Overcoming Wage Inequality
June 10, 2003
Earnings inequality has increased significantly over the past three decades, due in large part to increased demand for workers with more knowledge and skill. The rise in inequality has raised concerns about economic mobility and whether those with low incomes have much, or any, hope of climbing the economic ladder. Fortunately, the answer is yes, say the authors of a new study for the Financial Services Roundtable.
One way to think about mobility is to array wage earners into fifths, ranging from the lowest income quintile to the highest quintile. Mobility is then measured by the movement among the quintiles over time. Even after a single year, there is considerable movement:
- After one year, about one-third of the workers who were in the bottom income quintile move to a higher quintile; and about one-quarter who were in the top quintile move to a lower one.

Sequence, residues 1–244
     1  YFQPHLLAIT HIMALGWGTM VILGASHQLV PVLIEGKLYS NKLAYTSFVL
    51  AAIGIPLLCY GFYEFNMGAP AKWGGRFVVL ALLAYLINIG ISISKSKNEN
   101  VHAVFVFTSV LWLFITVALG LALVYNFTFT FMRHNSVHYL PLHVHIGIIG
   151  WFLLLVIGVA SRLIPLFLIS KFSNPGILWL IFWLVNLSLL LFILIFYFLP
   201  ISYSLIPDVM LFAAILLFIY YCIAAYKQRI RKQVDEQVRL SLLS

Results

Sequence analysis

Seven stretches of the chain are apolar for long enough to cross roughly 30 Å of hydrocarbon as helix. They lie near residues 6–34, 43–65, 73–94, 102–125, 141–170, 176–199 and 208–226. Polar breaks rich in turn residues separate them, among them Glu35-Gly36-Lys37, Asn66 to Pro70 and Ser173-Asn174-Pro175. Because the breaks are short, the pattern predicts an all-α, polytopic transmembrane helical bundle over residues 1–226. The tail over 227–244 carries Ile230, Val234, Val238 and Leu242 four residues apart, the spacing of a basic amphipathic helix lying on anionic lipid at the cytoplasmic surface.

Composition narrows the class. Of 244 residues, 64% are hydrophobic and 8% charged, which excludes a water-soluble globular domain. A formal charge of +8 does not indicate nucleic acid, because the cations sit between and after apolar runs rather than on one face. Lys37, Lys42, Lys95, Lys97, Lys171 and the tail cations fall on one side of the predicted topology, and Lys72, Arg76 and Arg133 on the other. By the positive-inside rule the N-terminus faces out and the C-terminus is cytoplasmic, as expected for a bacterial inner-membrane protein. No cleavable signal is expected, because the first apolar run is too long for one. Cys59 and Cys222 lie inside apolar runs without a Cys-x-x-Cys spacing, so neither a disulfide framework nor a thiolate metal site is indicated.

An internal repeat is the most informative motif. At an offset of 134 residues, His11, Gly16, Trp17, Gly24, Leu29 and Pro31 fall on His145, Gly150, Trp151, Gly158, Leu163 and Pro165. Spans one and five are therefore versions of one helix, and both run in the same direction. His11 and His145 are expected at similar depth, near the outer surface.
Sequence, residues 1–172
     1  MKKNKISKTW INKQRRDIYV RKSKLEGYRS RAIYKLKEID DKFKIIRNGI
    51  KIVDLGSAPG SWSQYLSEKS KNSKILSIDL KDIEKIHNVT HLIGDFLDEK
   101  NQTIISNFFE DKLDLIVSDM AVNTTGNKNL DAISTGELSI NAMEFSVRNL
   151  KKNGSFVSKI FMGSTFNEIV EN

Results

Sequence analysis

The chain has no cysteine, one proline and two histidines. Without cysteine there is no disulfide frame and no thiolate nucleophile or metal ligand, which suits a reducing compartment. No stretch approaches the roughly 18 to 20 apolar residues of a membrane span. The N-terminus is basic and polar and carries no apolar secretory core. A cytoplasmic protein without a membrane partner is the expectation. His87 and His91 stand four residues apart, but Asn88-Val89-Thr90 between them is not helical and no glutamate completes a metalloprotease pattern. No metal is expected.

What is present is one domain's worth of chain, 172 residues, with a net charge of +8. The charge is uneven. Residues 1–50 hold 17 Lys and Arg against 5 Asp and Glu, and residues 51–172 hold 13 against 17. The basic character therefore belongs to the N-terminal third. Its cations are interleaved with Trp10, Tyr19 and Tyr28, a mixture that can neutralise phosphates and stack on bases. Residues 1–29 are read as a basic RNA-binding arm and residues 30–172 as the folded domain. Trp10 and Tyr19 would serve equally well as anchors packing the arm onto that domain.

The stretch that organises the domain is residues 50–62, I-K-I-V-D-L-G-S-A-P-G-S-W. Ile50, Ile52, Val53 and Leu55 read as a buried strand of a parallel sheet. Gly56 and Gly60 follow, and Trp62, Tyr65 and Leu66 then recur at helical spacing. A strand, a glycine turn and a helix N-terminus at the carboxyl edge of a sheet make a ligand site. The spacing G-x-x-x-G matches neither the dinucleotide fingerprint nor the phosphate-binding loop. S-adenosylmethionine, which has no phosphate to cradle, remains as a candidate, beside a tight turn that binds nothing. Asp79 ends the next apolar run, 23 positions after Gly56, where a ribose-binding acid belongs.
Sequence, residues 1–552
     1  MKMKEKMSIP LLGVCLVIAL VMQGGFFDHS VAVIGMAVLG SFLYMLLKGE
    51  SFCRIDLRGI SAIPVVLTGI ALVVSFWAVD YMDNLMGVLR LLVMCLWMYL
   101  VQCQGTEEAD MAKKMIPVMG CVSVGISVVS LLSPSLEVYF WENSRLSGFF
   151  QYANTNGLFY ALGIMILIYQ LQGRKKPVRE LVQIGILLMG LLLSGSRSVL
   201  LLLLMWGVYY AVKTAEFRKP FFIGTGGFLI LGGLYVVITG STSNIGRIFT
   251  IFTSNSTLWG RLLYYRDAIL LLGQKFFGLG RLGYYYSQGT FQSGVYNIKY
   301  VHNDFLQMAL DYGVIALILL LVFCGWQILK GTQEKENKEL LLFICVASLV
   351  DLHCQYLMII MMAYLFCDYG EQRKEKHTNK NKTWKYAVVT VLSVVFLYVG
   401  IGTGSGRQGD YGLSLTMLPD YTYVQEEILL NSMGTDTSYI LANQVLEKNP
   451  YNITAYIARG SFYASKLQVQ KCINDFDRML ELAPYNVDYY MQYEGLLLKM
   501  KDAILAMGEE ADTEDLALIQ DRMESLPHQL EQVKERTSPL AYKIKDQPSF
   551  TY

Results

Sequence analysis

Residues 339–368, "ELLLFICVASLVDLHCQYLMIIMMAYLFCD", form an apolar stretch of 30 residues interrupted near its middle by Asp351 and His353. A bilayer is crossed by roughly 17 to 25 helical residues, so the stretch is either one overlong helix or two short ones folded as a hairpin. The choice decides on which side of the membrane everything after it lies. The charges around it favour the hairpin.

- Of those who were originally in the intermediate three quintiles, about half move to another quintile.
There is even more movement over longer periods. Comparing the wages of workers of the same age over a 15-year time period:
- The percent of workers who remained in the same quintile after one year was 60 percent.
- The percent remaining in the same quintile fell to 43 percent after five years, to 33 percent after 10 years, and to 29 percent after 15 years.
These results also point to the importance of knowledge and skill, as measured by education and experience, in facilitating economic mobility. Individuals who have responded to the incentives implicit in the increased earnings inequality have experienced the greatest mobility. The implication is that public policies providing individuals and their families greater freedom and opportunity to invest in themselves and their children will have the greatest positive impact on economic success.
Source: Andrew Rettenmaier and Donald R. Deere, "Climbing the Economic Ladder," Financial Services Roundtable, May 2003.
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